What is a watering hole attack and how is it executed?

The term watering hole attack refers to the tactic by which, predators wait in the watering holes for their victims to show up, so they can attack them more easily.

In computing context, a watering hole attack is a type of cyber attack where hackers make a profile of their victims. After watching them very carefully for a while, and collecting information about their habits, they can find out which websites their victims visit on a regular basis (like for example the weather forecast site, a newspaper or a flight searcher).

Once hackers know their victims, the next step of a watering hole attack is to identify the vulnerabilities of those pages to inject malicious code into the ads, banners, etc. displayed on them.

As a result, when users access these websites, a script is automatically executed (or a malware piece is downloaded) infecting users´ devices.

Why do hackers choose this type of attack?

Due to the use of trusted sites as infection points, these attacks often go unnoticed.

What is the profile of the victims?

Hackers are generally not interested in home networks, but in employees. By deceiving employees, they can gain access to the corporate network and, therefore, to confidential and/or strategic information.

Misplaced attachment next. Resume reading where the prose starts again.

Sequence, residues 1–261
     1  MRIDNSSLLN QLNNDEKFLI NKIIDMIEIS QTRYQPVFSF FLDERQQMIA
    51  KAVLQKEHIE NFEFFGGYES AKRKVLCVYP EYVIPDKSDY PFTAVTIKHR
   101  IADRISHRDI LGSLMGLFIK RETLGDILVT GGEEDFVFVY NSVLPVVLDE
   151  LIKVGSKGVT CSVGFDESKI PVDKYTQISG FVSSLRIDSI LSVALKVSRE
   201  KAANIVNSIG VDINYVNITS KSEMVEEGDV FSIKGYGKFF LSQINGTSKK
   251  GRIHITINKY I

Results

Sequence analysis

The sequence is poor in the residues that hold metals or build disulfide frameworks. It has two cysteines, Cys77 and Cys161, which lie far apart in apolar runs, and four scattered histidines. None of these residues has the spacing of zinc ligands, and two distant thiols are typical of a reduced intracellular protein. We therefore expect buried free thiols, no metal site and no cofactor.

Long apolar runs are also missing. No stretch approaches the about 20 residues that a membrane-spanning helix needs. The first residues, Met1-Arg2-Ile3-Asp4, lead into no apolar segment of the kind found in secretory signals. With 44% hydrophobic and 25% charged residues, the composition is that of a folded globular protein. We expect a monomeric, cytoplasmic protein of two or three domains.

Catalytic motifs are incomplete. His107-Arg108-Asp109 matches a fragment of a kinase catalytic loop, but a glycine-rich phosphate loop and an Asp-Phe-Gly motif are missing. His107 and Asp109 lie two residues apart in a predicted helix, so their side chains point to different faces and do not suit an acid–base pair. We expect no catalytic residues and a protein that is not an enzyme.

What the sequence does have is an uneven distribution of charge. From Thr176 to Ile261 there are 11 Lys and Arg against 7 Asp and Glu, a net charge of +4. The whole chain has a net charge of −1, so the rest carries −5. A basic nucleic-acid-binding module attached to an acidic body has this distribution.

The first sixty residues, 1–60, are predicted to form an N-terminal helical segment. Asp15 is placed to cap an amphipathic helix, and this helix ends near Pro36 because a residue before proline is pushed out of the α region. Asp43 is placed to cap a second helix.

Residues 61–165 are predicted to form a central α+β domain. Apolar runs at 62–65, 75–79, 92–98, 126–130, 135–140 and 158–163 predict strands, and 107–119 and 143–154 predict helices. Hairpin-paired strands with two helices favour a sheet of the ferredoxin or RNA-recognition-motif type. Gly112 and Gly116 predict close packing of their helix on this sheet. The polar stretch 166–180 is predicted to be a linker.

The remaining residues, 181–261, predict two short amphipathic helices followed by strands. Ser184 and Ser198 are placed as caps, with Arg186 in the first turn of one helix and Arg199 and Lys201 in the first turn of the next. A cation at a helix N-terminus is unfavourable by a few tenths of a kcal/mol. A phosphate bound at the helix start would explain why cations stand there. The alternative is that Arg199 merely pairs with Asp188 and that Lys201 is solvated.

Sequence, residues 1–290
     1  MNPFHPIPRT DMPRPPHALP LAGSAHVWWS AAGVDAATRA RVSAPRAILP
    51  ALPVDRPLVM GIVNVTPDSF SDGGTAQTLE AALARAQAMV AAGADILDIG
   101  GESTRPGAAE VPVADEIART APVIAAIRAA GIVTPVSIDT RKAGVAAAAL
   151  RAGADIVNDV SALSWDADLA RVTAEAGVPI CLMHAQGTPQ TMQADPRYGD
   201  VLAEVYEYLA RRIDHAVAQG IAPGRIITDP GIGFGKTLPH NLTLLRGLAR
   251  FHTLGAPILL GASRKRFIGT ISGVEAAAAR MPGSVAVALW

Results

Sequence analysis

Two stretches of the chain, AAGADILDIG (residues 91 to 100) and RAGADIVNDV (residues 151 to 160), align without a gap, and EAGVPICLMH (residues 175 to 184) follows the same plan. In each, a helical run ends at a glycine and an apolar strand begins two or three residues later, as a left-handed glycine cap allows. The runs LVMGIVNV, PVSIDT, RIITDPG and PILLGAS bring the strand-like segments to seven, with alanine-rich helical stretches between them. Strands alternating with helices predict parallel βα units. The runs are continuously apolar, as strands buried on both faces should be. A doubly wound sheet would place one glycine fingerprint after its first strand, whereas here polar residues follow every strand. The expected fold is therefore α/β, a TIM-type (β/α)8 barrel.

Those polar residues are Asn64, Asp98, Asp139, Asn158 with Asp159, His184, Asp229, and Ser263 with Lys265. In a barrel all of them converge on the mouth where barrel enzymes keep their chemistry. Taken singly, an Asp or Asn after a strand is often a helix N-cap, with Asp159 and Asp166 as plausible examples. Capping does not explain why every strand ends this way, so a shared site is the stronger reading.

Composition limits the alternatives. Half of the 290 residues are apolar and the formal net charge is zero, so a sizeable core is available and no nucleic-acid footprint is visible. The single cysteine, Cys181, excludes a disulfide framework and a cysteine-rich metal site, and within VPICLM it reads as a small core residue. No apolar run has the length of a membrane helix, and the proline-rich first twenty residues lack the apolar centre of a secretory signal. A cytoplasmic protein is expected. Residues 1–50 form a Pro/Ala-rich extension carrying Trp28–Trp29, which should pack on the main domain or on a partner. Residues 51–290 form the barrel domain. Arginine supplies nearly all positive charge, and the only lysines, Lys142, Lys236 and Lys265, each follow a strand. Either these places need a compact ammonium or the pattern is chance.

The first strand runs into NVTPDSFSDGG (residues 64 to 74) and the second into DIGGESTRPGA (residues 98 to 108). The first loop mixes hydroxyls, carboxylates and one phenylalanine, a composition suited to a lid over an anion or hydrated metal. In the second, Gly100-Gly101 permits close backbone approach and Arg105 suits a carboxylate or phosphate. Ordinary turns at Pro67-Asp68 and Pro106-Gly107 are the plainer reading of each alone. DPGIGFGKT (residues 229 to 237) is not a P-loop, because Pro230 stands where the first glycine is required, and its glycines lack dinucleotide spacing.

How can a watering hole attack be avoided?

The fact that hackers choose trusted sites, not included in the blacklists, together with the use of zero-day exploits, makes it very difficult for traditional and reactive tools such as antivirus firms or categorization tools, to detect these attacks before it  is too late. The only way to prevent this or any other type of web-based malware attack is by using the web isolation technology RITech. As mentioned in previous posts, its proactive approach allows the “good guys” to be one step ahead of the “bad guys” for once.

Thanks to RITech, companies and governments will no longer have to worry about whether a legitimate site has stopped being in the last 24 hours, or whether their antivirus is reporting false positives or false negatives. Attacks will continue to happen, but the “bad guys” will never be able to enter these isolated environments and, therefore, reach users´ devices.

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